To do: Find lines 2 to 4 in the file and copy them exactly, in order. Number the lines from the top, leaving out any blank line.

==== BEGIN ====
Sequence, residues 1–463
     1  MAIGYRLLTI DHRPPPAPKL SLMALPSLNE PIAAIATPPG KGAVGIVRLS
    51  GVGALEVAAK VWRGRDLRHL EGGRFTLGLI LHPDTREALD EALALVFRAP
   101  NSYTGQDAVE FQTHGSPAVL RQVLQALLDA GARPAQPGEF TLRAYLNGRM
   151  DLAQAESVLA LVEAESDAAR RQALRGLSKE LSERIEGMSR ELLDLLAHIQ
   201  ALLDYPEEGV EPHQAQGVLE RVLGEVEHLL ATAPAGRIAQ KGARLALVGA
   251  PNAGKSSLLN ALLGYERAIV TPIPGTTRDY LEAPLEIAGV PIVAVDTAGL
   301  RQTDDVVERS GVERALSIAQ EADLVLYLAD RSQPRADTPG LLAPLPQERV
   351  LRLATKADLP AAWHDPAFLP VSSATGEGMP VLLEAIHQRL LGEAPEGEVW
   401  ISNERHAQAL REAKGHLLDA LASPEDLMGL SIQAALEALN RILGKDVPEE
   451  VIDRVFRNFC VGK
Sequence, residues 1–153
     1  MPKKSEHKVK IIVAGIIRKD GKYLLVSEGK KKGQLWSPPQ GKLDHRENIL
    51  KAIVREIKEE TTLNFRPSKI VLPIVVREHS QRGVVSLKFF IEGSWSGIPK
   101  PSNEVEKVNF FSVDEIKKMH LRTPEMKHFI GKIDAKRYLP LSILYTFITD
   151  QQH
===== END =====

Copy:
     1  MAIGYRLLTI DHRPPPAPKL SLMALPSLNE PIAAIATPPG KGAVGIVRLS
    51  GVGALEVAAK VWRGRDLRHL EGGRFTLGLI LHPDTREALD EALALVFRAP
   101  NSYTGQDAVE FQTHGSPAVL RQVLQALLDA GARPAQPGEF TLRAYLNGRM